5 shall include the original signed seal of the Architectural Engineer of record for the project. Other sheets may also require seals. For those projects not categorically exempt from the State Environmental Policy Act (SEPA), a completed Environmental Checklist and fees are required. Where commercial plan review or SEPA fees are required, they shall be paid at the time of application submittal. Rules and Regulations Various codes and ordinances in effect in Colville that relate to development of properties and the construction of buildings or structures are listed below. It should be noted that these are the primary local codes and ordinances that will influence most proposals and that the listing does not necessarily address all federal, state and local requirements. Building and Code Enforcement ~ Ordinance No N.S. The 2012 International Building Code, as adopted and amended by the Washington State Building Code Council, including Appendix E, and the 2012 International Existing Building Code as published by the International Code Council, Inc., and the 2009 ANSI A117.1 Accessibility Code. The 2012 International Residential Code, as adopted and amended by the Washington State Building Code Council, including Appendix F and Appendix G, as published by the International Council, Inc., except that Chapters 11 and 25 through 43 of this code are not adopted. The 2012 International Fire Code, as adopted and amended by the Washington State Building Code Council, Inc., as published by the International Code Council, Inc. The 2012 International Energy Conservation Code Part 1, Residential Provisions, and Part 2, Commercial Provisions, as adopted and amended by the Washington State Building Code Council. The 2012 International Mechanical Code, as adopted and amended by the Washington State Building Code Council, as published by the International Code Council, Inc. (includes adoption of the International Fuel Gas Code, NFPA 54 and NFPA 58).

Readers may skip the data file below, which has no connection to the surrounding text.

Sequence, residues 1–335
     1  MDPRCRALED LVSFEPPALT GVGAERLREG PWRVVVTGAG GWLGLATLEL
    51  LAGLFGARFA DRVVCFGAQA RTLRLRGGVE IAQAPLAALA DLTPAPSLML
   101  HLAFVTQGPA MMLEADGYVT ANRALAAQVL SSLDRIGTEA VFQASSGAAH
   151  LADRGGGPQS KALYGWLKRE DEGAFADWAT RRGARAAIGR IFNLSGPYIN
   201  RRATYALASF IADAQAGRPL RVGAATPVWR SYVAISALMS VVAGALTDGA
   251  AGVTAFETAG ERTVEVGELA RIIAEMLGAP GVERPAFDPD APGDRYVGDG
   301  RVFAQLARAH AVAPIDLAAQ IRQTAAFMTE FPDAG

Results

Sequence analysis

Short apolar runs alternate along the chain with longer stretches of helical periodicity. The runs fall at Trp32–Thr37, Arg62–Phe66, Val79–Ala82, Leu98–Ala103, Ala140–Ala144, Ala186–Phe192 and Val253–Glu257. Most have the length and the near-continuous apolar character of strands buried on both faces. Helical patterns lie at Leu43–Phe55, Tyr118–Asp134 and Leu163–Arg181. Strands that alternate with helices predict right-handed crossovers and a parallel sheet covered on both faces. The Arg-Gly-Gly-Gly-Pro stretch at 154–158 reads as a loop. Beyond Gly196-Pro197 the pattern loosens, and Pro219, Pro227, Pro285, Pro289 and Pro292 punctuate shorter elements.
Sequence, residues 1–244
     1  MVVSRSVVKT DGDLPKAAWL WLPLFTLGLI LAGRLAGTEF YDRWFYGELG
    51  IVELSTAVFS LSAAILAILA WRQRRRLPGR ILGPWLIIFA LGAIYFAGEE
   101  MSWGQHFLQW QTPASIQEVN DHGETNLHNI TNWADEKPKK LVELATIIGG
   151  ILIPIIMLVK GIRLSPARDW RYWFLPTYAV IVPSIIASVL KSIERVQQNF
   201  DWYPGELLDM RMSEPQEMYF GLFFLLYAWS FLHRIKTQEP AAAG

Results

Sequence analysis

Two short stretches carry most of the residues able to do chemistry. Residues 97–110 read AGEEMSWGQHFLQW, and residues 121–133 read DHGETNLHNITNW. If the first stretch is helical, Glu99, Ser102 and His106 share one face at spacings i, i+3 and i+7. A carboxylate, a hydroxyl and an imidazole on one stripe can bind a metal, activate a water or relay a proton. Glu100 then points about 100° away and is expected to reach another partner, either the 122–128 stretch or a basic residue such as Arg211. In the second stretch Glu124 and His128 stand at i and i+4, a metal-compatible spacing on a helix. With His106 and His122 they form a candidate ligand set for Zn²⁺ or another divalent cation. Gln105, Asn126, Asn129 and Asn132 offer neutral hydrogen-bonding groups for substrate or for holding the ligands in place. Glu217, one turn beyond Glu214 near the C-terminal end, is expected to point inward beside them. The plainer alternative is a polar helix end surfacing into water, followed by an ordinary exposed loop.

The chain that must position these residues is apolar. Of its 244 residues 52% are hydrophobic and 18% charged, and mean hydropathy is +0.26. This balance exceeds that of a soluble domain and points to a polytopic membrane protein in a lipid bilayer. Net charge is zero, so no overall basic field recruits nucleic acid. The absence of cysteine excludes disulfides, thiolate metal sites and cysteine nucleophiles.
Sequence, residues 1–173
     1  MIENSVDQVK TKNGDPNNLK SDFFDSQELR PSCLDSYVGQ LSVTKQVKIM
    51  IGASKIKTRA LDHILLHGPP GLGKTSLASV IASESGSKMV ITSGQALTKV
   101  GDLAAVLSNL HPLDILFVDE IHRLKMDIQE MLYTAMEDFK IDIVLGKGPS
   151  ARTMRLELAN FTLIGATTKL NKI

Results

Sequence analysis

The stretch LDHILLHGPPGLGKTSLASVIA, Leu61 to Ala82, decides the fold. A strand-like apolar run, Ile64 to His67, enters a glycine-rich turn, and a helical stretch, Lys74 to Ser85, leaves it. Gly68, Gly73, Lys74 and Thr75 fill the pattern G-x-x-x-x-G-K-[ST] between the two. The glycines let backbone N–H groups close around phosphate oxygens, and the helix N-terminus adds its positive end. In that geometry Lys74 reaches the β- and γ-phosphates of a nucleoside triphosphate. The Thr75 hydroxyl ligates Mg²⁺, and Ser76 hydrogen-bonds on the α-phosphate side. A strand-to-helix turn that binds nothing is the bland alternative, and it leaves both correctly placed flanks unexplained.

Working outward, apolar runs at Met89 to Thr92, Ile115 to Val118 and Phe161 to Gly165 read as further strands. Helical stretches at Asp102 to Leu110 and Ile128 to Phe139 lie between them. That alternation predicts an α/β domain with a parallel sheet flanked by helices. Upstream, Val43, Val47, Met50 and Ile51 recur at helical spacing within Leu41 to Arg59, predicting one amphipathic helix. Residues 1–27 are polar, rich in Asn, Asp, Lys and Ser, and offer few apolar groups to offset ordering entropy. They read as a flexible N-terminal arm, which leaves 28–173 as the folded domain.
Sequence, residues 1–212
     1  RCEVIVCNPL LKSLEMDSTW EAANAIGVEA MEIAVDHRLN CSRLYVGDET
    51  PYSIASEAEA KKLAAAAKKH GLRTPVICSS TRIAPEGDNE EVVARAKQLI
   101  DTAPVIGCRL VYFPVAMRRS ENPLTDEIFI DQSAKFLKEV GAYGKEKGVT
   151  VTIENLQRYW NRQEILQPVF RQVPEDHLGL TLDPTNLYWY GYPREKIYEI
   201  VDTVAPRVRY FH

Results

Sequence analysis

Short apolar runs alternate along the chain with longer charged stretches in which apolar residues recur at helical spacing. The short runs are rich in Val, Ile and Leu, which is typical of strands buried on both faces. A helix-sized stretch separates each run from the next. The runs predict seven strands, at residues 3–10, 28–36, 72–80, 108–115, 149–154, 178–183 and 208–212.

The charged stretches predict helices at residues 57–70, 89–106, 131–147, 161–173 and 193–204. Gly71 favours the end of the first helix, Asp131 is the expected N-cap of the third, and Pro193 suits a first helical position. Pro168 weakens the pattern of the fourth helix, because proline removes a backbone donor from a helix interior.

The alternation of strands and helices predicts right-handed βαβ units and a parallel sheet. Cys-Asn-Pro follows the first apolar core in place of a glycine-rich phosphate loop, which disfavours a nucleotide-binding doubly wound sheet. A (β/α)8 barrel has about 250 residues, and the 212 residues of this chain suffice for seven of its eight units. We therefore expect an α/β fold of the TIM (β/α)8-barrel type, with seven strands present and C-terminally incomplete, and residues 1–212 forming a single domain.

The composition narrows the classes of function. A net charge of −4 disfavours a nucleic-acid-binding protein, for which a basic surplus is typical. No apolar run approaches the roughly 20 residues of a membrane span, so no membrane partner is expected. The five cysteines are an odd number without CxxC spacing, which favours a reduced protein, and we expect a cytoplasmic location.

6 The 2012 edition of the Uniform Plumbing Code, including Appendices A, B and I, as adopted and amended by the Washington State Building Code Council, as published by the International Association of Plumbing and Mechanical Officials; provided that Chapters 12 and 15 of this code are not adopted, provided further that those requirements of the Uniform Plumbing Code related to venting and combustion air of fuel fire appliances as found in Chapter 5 and those portions of the code addressing building sewers are not adopted. The installation requirements for mobile/manufactured homes, factory built homes, commercial structures, commercial coaches, recreational vehicles, and park trailers, as set forth in WAC Sections C, F, I, M, P, and R. In addition, the fire protection systems (number of fire hydrants and their location) will need to be coordinated with city departments. Building Department FAQ s Questions relative to building issues can be complicated. Each situation should be considered in light of its own circumstances. Answers to some of the more Frequently Asked Questions can be found below. Q. I need to know the specifications for building in the City of Colville. A. Building Structural Design in jurisdiction is subject to the following criteria: Roof Snow Load: 40 pounds/square foot (psf) Wind Speed (mph): 85 mph (3-second gust) Seismic Category: B Subject to Damage from: Weathering Frost: Severe Depth Line: 30 inches Termite: None to slight Decay: None to slight Winter Design Temp: -5º F Ice Shield Underlayment Required: No Flood Hazards: Community Panel # B, Zone C, Effective 06/05/1985 Air Freezing Index: 1331* Mean Annual Temp: 46.2º F *Information taken from the National Climatic Data Center data table Air Freezing Index USA Method (Base 32º Fahrenheit) at